And even people who are working in a face-to-face, a real-time situation or warehouse, in a factory, et cetera, they, even if they haven’t had the chance to work from home or have that kind of flexibility, they know people in their lives that have.


And, so, how the world thinks about work and where and how we work is changing. And it’s changing forever.


And that’s one of the causes of this, because now people have a new picture of what’s possible.


In the fall of 2019, the number one requested PERC, for people when they took a job, when they were looking for a job.


The number one requested perk was I’d like to be able to work from home once in a while.


Well, has certainly not where we are now, right? Where we are now is in a very different place from that. And so, whether that’s what we want in our business or not, we have to recognize that that’s where people are at.


So what this is doing, is, it’s, it’s giving people the chance to look at new opportunities to consider new ways and places to work.


And I will tell you that the other cause of all of this is not societal. It’s not people having a chance to sit back and think about it. It’s not a locked down, so they didn’t have anything else to do, but think about it.


It’s also an indictment of us, because no, people leave jobs because of bosses.


And so, if we can do the kinds of things that we’re going to talk about today, and if we can help our leaders and our organizations do the kinds of things we’re thinking about today, we can flip this script, All right? So, we’ve got to understand the causes of what’s brought us to this point.


People in many cases, are saying, I don’t like the way this business is working.


I don’t like the way that is. I’m being led.


I don’t like the culture here.


And so much of that has, has an impact, is impacted by us as leaders. Right?


So, we need to understand our people and their needs.


And so, I would straight up say to you, and I know that many of you are here in HR kinds of roles. And hopefully, you’re doing some of this, and have been, if you’re here as individual leader, I’m hoping you’re having these conversations as well.


But what are your people telling you about, what they like, and don’t like about where they are? What are they telling you about their worries and concerns? What are they telling you about their stress level?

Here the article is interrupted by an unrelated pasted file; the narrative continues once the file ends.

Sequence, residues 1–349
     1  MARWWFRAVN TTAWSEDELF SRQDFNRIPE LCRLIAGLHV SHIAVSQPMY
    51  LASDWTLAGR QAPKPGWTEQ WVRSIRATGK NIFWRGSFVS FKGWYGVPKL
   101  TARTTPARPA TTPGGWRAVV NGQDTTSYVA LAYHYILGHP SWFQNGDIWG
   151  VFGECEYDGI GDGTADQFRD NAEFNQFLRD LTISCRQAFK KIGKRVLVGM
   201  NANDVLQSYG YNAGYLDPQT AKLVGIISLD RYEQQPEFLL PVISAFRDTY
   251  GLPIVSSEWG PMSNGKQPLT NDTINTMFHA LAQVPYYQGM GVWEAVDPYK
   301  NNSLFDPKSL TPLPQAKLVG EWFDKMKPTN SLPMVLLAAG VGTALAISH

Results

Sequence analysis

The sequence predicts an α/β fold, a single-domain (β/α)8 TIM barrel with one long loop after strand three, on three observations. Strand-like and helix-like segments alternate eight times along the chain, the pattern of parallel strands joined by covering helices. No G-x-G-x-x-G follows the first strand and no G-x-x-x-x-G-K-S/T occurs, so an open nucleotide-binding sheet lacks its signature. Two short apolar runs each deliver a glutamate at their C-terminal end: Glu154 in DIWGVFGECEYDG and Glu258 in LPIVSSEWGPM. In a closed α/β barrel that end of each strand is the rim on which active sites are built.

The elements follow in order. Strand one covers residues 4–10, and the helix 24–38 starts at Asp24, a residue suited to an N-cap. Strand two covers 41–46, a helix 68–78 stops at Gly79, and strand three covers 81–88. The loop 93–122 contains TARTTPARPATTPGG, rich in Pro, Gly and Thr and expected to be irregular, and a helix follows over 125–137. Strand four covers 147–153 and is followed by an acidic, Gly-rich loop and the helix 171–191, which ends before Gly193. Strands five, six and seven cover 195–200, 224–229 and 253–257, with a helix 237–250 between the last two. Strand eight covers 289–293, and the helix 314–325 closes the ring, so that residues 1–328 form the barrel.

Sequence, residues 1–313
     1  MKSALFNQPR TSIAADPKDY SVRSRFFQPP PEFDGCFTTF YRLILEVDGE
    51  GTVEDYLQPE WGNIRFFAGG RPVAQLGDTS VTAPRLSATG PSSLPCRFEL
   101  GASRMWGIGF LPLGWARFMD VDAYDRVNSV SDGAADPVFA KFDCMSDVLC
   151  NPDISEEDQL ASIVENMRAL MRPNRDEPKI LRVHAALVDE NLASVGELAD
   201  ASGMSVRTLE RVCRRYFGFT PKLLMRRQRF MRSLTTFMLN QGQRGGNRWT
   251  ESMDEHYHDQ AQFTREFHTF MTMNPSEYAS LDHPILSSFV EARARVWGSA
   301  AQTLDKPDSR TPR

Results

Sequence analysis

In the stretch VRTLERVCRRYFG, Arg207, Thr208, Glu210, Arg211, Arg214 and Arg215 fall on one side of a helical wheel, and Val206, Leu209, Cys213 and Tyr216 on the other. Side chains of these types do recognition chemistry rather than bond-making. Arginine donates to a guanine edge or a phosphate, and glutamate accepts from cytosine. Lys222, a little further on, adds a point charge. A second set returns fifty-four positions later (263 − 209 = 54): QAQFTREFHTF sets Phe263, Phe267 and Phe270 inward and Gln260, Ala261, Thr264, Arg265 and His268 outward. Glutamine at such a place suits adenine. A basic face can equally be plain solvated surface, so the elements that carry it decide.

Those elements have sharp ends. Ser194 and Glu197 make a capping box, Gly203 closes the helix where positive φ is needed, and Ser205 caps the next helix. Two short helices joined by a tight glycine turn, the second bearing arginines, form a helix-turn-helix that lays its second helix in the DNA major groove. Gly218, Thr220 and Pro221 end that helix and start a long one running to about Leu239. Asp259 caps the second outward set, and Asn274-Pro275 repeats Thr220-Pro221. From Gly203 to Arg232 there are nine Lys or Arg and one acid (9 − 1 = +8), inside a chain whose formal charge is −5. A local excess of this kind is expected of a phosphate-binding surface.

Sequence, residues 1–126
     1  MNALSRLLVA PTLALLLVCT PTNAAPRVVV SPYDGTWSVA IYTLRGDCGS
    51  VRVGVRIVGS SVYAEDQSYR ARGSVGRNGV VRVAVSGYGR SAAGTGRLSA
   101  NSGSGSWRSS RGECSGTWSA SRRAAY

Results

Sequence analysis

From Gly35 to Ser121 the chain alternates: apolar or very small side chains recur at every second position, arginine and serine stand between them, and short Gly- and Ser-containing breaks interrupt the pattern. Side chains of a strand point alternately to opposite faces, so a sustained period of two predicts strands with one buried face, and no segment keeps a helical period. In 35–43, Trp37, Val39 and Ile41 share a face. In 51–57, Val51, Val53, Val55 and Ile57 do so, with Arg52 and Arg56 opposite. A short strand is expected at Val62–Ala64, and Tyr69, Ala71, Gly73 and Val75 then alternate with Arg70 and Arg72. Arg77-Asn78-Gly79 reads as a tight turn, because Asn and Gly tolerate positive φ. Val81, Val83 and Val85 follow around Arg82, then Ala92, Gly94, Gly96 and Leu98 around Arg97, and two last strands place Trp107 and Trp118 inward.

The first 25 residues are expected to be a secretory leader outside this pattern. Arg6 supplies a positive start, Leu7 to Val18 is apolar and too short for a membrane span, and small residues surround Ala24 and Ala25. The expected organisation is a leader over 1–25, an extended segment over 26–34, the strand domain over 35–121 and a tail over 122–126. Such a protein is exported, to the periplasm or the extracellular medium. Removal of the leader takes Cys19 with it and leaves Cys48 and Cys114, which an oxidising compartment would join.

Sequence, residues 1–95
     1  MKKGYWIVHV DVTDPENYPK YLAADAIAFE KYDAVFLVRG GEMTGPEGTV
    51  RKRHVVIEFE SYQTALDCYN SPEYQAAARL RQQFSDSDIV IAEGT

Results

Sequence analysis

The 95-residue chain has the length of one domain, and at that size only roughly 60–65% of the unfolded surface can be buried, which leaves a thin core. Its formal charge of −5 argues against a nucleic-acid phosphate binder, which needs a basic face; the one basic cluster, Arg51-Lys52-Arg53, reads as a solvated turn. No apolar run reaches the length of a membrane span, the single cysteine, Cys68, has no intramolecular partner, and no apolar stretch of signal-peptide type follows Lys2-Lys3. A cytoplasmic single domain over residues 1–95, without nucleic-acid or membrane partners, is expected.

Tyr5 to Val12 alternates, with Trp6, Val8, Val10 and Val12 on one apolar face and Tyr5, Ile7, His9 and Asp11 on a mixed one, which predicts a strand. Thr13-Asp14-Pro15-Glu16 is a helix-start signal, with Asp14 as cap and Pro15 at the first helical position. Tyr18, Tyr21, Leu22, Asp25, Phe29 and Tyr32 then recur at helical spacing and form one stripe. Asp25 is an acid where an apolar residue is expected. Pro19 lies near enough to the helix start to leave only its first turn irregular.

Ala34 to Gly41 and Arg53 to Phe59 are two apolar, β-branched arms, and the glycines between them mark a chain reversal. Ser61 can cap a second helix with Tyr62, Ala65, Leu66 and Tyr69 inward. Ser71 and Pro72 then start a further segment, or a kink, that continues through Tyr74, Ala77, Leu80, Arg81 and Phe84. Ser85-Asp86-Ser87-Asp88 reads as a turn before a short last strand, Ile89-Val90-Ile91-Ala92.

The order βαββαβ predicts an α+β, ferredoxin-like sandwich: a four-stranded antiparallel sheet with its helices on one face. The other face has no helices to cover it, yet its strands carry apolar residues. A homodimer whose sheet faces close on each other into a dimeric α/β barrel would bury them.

What are they telling you about why they’re leaving or staying?


And yes, maybe I’m talking about stay interviews and exit interviews, but I’m talking about more than that. Like, do we really know where our people are. And what does your turnover tell you?


All right, why are people staying or leaving?


And maybe this is the slide that you will leave with as your action item, and say, we need to really understand this better, because we can, we can talk about the popular press, the Business Press, saying, here are the issues, here are the things. But the reality is, we didn’t know what’s going on with our folks.


In our geographic area, in our, in the nature of the work that people are doing, et cetera.


So, make sure you’re doing this, OK.


And then, where we’re headed for the rest of our time is really to focus on these five ideas for becoming a talent magnet.


And this really becomes the outline for the rest of our time together, right?


To become a talent magnet as an organization, has to balance outcomes and others, we’ll talk about that in a second. We’re going to talk about engaging our people, creating greater engagement, improving our culture, providing flexibility, and improving leadership skills.


If we can do these five things, or as we move in the direction of these five things, we have a chance to become a magnet for talent, to keep the great talent we have and to attract the talent that we want and need, right. So, again, this is where we’re going to head for the rest of our time together and let me just say, that if you have questions or comments, be putting them in the question area. Sarah will see them.


I can see them and we’ll stop and answer them as we go. And Sarah, Sarah will tell me if she says, Hey, Kevin, the minister.


And I’m happy to answer it as we go.


And hopefully, we’ll have some time at the end to answer your questions as well, OK. So, let’s talk about each of these five things as strategies for becoming a talent magnet. So, we can we can say yes, there is this resignation going on. But we’re going to use this as an opportunity to revive our business.


Because, if people are moving around, that means that there’s talent that we could be attracting that can help us reach our business goals.


So I want us to see this as an opportunity, and then create opportunities in our organizations, because alright, so let’s talk first about balancing outcomes and others. And this is the picture that I was showing you earlier. So let’s talk about these things we need to understand. Then wants and needs of the team. That’s partly what I was talking about before, but what do our folks want and need? They are two different things.




People will tell us what they want. It might not be exactly the same as what they need. I’d encourage you to talk about needs first and wants second.


Find out what others the team members, want and need, and then we need to understand what the wants and needs of the organization are.


And again, so let me give you an example of wants versus needs. organizationally.


There are a lot of senior leaders that I’ve talked to in lots of organizations. They’re like, Man, I really want everyone to come back to the office.